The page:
Go Back  PPRuNe Forums > Flight Deck Forums > Tech Log
Reload this Page >

AF 447 Thread No. 5

Tech Log The very best in practical technical discussion on the web

AF 447 Thread No. 5

Old 4th Aug 2011, 09:08
  #1501 (permalink)  
 
Join Date: May 2006
Location: Yearning for sun and sea
Age: 79
Posts: 249
I am not connected to the Aviation industry.

My question is this, in the English translation in the Interim report, under 3, Conclusions, new findings, I read this:

".the copilots had not received any training, at high altitude, in the “Unreliable IAS” procedure and manual aircraft handling."

Is this perfectly normal and would this apply to other airlines as well?
GANNET FAN is offline  
Old 4th Aug 2011, 09:12
  #1502 (permalink)  
 
Join Date: Jan 2008
Location: Cotswolds
Age: 64
Posts: 1,263
Glad to notice from the English translation of BEA they concur with my explanation of the French, in that the correct translation of the CDB at 2:12:15 is:

There I don't know
There it is going down

As two distinct sentences, obviously pointing at two different instruments.

The benefit of the english BEA translation is that they will have had the benefit of the intonation. I hope they read PPRuNe as the discussions here give such a good insight in how limiting a written document can be in terms of interpretation of what really happened.

The new observations (page 77?) are absolutely damning for the crew in not calling a potential stall based on the audible warning, let alone identifying the stall and taking appropriate action.

Without wanting to judge anyone I do personally also find the lack of leadership startling. The PF clearly states he is at a loss as to what is happening but neither the PNF or the CDB take a decisive (early) lead. It's like everyone else wants somebody else to take charge.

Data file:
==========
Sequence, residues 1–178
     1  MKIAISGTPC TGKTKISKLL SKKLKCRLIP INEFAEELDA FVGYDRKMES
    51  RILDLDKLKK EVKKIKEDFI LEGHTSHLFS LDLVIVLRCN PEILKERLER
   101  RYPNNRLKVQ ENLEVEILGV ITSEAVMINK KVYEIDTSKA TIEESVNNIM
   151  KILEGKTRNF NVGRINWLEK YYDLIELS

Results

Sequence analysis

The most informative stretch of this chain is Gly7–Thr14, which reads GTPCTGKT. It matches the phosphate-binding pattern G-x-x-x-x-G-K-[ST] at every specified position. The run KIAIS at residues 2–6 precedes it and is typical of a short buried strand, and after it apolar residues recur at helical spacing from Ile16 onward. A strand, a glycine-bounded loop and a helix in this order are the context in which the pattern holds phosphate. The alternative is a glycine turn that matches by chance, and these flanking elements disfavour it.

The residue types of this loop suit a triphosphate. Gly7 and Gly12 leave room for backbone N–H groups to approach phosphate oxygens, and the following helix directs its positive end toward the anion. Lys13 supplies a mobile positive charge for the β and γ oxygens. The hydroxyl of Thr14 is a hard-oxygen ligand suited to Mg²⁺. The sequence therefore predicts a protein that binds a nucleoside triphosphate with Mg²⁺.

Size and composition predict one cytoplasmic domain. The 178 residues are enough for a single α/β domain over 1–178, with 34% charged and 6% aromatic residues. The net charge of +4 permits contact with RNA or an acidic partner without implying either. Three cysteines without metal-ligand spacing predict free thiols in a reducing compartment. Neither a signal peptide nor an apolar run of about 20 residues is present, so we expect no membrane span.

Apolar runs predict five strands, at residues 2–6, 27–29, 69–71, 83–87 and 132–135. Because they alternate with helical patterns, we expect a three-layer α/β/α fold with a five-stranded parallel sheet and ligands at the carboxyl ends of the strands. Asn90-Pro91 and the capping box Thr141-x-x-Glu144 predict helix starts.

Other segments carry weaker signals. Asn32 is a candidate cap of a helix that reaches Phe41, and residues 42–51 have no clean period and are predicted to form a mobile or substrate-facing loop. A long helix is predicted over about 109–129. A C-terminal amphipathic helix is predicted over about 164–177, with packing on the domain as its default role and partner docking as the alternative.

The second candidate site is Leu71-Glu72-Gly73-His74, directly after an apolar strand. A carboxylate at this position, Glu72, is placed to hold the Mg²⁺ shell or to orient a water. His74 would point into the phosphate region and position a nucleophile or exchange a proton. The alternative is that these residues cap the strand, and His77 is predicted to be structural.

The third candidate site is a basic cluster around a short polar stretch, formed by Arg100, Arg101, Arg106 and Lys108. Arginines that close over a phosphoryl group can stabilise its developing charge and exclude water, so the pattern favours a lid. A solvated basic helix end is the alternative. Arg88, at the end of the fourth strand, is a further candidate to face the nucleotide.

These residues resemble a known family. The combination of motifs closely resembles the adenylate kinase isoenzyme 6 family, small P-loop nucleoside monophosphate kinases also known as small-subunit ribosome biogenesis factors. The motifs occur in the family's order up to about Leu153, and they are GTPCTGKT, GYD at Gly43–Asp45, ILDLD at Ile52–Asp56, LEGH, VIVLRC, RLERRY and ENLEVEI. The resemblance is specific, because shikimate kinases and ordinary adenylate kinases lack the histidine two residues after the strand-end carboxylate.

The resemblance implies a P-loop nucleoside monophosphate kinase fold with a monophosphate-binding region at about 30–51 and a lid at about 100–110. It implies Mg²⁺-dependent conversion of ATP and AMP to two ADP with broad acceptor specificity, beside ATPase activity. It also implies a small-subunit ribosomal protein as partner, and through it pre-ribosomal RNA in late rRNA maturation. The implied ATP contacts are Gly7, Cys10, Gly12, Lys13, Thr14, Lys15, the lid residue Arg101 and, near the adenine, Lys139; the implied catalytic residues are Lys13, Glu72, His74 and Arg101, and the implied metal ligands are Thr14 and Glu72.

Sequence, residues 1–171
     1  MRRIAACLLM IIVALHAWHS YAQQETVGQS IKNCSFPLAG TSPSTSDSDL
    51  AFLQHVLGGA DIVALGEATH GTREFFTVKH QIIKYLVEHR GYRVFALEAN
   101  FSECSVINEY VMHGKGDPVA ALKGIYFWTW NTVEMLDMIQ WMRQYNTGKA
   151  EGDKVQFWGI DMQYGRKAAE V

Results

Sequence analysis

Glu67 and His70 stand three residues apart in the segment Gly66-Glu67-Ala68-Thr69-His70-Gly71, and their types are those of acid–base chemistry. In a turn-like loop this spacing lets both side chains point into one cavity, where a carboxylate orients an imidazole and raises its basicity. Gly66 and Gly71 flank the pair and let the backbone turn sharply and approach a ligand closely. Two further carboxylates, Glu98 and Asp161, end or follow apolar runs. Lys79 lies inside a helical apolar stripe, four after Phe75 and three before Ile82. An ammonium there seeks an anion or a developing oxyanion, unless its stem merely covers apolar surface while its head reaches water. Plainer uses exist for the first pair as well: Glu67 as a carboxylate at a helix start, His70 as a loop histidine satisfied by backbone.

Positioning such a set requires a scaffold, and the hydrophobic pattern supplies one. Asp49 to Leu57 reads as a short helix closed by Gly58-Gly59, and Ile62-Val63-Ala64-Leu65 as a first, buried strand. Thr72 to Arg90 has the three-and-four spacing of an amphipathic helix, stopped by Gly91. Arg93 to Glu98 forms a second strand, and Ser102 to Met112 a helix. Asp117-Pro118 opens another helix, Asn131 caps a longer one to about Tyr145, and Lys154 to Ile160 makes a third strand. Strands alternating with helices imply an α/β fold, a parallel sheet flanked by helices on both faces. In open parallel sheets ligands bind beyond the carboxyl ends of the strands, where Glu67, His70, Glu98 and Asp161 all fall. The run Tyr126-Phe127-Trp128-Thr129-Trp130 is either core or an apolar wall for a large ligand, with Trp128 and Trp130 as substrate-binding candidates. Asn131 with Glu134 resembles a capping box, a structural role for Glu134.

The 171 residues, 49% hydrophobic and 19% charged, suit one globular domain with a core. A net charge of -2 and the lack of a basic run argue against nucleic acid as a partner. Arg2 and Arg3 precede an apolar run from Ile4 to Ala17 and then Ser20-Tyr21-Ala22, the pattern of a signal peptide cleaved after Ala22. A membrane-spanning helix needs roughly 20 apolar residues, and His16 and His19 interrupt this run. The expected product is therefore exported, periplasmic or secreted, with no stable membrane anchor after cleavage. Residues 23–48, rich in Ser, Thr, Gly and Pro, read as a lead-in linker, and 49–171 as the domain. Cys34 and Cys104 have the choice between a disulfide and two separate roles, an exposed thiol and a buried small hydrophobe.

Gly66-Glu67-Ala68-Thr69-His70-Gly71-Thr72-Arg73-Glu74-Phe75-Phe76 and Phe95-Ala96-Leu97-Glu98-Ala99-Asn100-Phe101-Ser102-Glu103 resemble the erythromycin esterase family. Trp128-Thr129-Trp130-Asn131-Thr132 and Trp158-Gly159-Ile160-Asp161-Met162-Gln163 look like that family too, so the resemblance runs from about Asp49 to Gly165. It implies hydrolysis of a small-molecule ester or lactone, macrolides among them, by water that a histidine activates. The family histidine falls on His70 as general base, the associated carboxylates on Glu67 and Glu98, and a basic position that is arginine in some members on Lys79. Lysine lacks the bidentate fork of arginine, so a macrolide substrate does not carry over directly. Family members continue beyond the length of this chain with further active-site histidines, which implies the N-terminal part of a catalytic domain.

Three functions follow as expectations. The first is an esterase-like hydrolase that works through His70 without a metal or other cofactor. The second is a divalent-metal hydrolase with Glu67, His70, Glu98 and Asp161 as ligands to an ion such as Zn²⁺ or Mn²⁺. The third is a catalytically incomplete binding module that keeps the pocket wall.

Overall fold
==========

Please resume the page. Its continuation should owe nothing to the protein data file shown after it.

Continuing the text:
vanHorck is offline  
Old 4th Aug 2011, 09:36
  #1503 (permalink)  
 
Join Date: Jan 2001
Location: UK
Posts: 2,044
".the copilots had not received any training, at high altitude, in the “Unreliable IAS” procedure and manual aircraft handling."

Is this perfectly normal and would this apply to other airlines as well?
My airline will "claim", and has recorded, that I have done "High Alt" training, inc Manual Flying / Stall Recoveries. Indeed, in the last year or so, probably as a result of this accident.

In practice this was a well advertised, briefed, exercise. In S&L flight we slowed to the stall (Alt Law), and performed a few recoveries concentrating on the "finesse" of the recovery / height loss, and reocvering at the "incipient (warning) stage".

I happened also to do a Jet Provost Flt Test last year, up to an including FL350 handling, Mach Buffet, turns / stalls.

I'll leave the reader to guess which was the more valuable lesson / refresher in High Level / Mach handling
NigelOnDraft is offline  
Old 4th Aug 2011, 09:47
  #1504 (permalink)  
Per Ardua ad Astraeus
 
Join Date: Mar 2000
Location: UK
Posts: 18,582